AD Quality Auto 360p 720p 1080p Top articles1/5READ MOREWalnut’s Malik Khouzam voted Southern California Boys Athlete of the Week With the home fans booing the dismal performance, Boulton delivered a flagrant elbow to the side of Ranger’s head. Boulton received a game misconduct, and Ranger staggered off the ice. “I’m not sure how he is,” Tortorella said, shaking his head. Atlanta’s Andy Sutton already is serving a four-game suspension for his hit on Toronto’s Darcy Tucker near the end of a 9-1 loss last Friday. That game turned especially ugly in the third period, beginning with Boulton’s hit on Eric Lindros with the game already long decided. That sparked a melee that led to the ejection of Boulton and two other players. Hotel evacuated: The New York Rangers were forced to evacuate their Long Island hotel just hours before their 5-4 loss to the rival New York Islanders when a man wearing a surgical mask dumped a chemical on the floor and then drove away. The chemical later was found to be harmless, and no one was injured. Dishing it out: The Dish Network pulled OLN from its system after the cable channel failed to provide NHL games to the nation’s second-largest satellite television provider. An EchoStar Communications Corp. spokesman said the network did not show games Oct. 10-11 and Monday and Tuesday as advertised. OLN set a requirement that the channel must be seen by 40 percent of a cable or satellite TV system’s viewers in order for it to broadcast the NHL games. It said Dish Network has failed to meet that requirement. Injury update: Maple Leafs captain Mats Sundin said he’s confident he’ll make a full recovery from his eye injury. Sundin’s lower orbital bone was broken when he was hit in the face by a puck two weeks ago. He said his blurry vision is getting better although he hasn’t ruled out surgery. “It’s all positive at this point. There’s no problems with my vision. It’s going to come back. It’s just a matter of time,” Sundin said. 160Want local news?Sign up for the Localist and stay informed Something went wrong. Please try again.subscribeCongratulations! You’re all set! Atlanta’s Bob Hartley was seen going into Tortorella’s office after the game, but the Tampa Bay coach wouldn’t say what they discussed. “None of your business,” Tortorella said, before storming away to the team bus. Tampa Bay coach John Tortorella launched into an expletive-filled tirade at Atlanta’s Eric Boulton after Thursday’s 6-0 victory in Atlanta, upset that the Lightning’s Paul Ranger was taken out by what he called a cheap shot just 2 minutes from the end of the game. “The … guy should be playing in the … East Coast Hockey League, but instead he takes out a … NHLer,” Tortorella said. “He’ll be suspended, but who … cares? No one wants to see him on the ice anyway.”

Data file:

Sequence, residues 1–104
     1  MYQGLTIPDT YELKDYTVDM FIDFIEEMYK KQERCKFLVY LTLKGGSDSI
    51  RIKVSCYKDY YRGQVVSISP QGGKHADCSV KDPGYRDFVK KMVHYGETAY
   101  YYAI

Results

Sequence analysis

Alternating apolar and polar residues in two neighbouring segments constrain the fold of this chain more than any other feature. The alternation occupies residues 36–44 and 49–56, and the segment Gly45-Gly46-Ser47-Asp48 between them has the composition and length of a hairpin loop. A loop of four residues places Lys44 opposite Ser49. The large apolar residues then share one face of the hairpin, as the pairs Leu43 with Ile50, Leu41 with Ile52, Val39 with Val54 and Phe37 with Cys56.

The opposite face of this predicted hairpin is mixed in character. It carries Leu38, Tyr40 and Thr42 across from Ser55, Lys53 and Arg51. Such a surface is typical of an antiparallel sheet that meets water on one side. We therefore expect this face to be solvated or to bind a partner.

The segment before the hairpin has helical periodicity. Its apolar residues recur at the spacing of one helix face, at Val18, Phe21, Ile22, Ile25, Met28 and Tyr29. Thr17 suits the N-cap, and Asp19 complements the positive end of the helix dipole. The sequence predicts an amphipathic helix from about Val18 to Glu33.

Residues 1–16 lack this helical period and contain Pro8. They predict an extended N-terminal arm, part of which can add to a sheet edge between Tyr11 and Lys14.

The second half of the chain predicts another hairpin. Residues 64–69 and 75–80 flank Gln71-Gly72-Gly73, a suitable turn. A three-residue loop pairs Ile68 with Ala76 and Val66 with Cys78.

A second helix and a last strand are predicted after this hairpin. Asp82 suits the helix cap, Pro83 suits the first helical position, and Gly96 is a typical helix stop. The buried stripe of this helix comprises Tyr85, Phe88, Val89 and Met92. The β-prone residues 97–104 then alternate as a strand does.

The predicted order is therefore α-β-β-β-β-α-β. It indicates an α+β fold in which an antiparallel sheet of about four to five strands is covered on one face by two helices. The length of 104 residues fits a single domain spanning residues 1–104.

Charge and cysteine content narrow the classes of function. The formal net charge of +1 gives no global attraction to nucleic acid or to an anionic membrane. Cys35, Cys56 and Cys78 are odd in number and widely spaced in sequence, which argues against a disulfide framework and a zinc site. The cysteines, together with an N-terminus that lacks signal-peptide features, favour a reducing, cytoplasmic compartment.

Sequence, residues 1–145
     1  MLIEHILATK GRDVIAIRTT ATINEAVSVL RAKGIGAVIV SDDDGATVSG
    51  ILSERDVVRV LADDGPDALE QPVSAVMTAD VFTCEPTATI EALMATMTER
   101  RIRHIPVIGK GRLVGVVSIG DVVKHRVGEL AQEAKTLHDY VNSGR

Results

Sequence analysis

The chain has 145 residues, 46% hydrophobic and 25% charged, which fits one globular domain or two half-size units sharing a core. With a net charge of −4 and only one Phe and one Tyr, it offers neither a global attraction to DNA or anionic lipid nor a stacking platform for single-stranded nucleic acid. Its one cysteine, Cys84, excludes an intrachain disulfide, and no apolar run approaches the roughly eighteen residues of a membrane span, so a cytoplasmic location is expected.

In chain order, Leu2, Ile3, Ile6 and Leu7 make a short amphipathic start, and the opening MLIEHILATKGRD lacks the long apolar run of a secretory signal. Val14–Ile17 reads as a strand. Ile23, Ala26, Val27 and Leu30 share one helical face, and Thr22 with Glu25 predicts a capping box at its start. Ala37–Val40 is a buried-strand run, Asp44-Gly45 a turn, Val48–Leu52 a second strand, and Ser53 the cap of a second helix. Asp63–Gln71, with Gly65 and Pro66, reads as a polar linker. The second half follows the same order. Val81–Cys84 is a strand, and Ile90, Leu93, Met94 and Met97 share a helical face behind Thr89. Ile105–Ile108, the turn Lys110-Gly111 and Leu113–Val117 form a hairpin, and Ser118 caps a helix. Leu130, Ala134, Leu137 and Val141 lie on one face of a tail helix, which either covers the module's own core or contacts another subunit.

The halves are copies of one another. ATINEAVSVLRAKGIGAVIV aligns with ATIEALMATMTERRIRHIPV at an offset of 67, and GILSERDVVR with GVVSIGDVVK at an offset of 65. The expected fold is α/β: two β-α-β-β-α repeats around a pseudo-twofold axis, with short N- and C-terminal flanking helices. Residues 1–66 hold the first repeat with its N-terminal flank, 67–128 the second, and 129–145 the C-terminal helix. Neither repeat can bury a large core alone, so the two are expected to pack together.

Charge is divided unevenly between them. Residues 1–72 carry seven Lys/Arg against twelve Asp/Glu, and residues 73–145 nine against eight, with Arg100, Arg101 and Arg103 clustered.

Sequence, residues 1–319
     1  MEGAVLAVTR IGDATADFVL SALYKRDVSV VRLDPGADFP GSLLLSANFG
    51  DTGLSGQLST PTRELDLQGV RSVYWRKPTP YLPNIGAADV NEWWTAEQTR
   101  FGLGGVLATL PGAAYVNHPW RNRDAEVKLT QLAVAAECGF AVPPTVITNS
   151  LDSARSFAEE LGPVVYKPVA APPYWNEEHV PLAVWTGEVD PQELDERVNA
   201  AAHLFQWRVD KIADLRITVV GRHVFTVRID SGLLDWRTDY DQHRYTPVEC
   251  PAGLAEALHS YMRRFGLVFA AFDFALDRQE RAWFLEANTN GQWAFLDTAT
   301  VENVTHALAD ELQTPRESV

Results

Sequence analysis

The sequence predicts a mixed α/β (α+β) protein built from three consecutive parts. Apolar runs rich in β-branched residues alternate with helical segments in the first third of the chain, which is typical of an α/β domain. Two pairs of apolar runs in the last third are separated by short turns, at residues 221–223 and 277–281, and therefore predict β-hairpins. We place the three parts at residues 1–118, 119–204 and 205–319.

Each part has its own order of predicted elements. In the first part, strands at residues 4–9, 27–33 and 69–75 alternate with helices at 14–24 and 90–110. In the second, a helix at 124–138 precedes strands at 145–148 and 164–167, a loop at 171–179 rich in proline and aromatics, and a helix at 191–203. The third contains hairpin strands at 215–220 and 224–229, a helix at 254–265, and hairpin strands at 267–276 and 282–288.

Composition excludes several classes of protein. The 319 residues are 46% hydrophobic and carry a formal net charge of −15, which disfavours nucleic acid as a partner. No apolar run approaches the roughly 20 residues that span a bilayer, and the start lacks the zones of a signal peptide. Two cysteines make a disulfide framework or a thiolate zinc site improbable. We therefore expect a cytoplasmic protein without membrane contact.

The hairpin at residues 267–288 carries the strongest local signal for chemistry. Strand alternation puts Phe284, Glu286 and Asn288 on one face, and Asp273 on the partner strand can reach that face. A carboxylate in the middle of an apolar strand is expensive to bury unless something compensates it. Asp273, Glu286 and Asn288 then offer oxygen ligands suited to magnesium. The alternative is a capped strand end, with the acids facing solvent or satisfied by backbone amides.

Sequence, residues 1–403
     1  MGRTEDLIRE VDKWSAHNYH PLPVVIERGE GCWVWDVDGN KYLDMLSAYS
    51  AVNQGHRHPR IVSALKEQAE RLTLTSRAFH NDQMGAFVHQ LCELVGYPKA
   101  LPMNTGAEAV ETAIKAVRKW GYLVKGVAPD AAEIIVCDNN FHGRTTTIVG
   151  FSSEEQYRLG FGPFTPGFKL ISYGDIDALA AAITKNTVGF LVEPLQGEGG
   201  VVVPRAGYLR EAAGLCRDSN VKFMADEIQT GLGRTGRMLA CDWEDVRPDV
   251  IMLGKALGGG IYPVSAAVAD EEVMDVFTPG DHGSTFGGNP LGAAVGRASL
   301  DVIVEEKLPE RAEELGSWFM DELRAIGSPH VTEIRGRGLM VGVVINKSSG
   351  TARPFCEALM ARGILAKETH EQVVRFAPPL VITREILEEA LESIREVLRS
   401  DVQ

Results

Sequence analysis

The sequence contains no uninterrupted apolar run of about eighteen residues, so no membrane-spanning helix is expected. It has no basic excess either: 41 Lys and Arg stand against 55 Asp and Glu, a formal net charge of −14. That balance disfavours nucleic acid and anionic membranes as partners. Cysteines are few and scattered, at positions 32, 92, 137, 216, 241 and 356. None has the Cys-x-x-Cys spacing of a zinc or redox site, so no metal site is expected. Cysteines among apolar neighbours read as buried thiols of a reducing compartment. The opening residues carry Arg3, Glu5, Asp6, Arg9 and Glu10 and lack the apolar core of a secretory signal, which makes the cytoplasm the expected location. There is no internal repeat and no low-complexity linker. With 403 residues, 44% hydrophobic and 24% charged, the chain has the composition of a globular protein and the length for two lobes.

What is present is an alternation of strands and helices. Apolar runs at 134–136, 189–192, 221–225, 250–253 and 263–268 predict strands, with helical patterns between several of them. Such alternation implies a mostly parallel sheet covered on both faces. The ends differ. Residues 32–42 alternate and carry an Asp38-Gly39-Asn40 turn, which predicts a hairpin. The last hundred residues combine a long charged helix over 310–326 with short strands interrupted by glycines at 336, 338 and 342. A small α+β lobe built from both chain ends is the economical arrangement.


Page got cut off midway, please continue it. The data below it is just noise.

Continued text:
There’s a lot to be proud of in the San Fernando Valley these days. Not that there ever wasn’t, but it was sometimes hard to tell with all the neglect from the rest of the city. Indeed, the Valley has been the historic victim of the bad habits of generations of city leaders who used us as a trash can. Things sure have started to change. The Orange Line busway will open Saturday – the first major public transportation project in Los Angeles since the Red Line subway that barely gets to the Valley. The sensible and attractive 14-mile east-west busway has generated excitement from North Hollywood to Warner Center. Meanwhile, the $43 million Los Angeles Children’s Museum has broken ground at Hansen Dam, and will be the very first major museum located in the Valley. The 57,000-square-foot center’s exhibits were designed by Edwin Schlossberg, and the site promises to be architecturally important and innovative. Once the new performing arts center at California State University, Northridge, opens in 2010, there won’t be a corner of the Valley without some cultural attraction. Throw in the just-opened Air Force One exhibit at the Ronald Reagan Library in Simi Valley (a spiritual, if not geographic, extension of the Valley), and we’ve got the start of a cultural revolution. There’s plenty else to be proud of in this vast region, from the revitalized Van Nuys Boulevard and Valley City Hall to the three city college campuses that each grow and innovate to fit their students’ needs. But these larger projects bring more than the local attention. Residents have always understood the appeal of living on the north side of the Santa Monica Mountains; now others are recognizing it as well. This is a credit to the years of hard work by Valley residents to make their local elected officials and City Hall treat the community with the respect it deserves. The achievements are real signs of progress, but a lot of work remains to be done. The community ought to be encouraged by what’s going on and energized to get better organized to provide the Valley with its fair share of police and other city services. It’s a good time to be a Val, and it will get even better if more people get involved. AD Quality Auto 360p 720p 1080p Top articles1/5READ MOREWalnut’s Malik Khouzam voted Southern California Boys Athlete of the Week160Want local news?Sign up for the Localist and stay informed Something went wrong. Please try again.subscribeCongratulations! You’re all set!
McKinleyville committed six turnovers en route to a 22-12 loss to visiting Little 4 Conference foe Hoopa, spoiling the Panthers homecoming game on what was a rainy Friday night at McKinleyville High. With Friday’s win Hoopa improves to 2-1 in the Little 4 and 4-3 overall. Friday’s loss drops McKinleyville to 0-3 in the Little 4 and 2-5 overall.The rain poured down as fans filled the stadium for McKinleyville’s homecoming game. It was clear from the opening kickoff that the weather would have a …